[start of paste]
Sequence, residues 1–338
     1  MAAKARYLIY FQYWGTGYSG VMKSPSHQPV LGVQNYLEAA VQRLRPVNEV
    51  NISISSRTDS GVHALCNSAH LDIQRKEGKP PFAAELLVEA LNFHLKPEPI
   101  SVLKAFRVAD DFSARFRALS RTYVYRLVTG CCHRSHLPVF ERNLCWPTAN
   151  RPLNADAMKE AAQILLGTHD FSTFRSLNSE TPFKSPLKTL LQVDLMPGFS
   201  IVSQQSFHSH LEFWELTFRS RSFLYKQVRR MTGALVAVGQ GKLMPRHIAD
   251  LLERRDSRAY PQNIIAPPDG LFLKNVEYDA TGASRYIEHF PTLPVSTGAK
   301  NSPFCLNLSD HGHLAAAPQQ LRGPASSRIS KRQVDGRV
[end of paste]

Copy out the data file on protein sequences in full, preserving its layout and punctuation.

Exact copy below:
Sequence, residues 1–338
     1  MAAKARYLIY FQYWGTGYSG VMKSPSHQPV LGVQNYLEAA VQRLRPVNEV
    51  NISISSRTDS GVHALCNSAH LDIQRKEGKP PFAAELLVEA LNFHLKPEPI
   101  SVLKAFRVAD DFSARFRALS RTYVYRLVTG CCHRSHLPVF ERNLCWPTAN
   151  RPLNADAMKE AAQILLGTHD FSTFRSLNSE TPFKSPLKTL LQVDLMPGFS
   201  IVSQQSFHSH LEFWELTFRS RSFLYKQVRR MTGALVAVGQ GKLMPRHIAD
   251  LLERRDSRAY PQNIIAPPDG LFLKNVEYDA TGASRYIEHF PTLPVSTGAK
   301  NSPFCLNLSD HGHLAAAPQQ LRGPASSRIS KRQVDGRV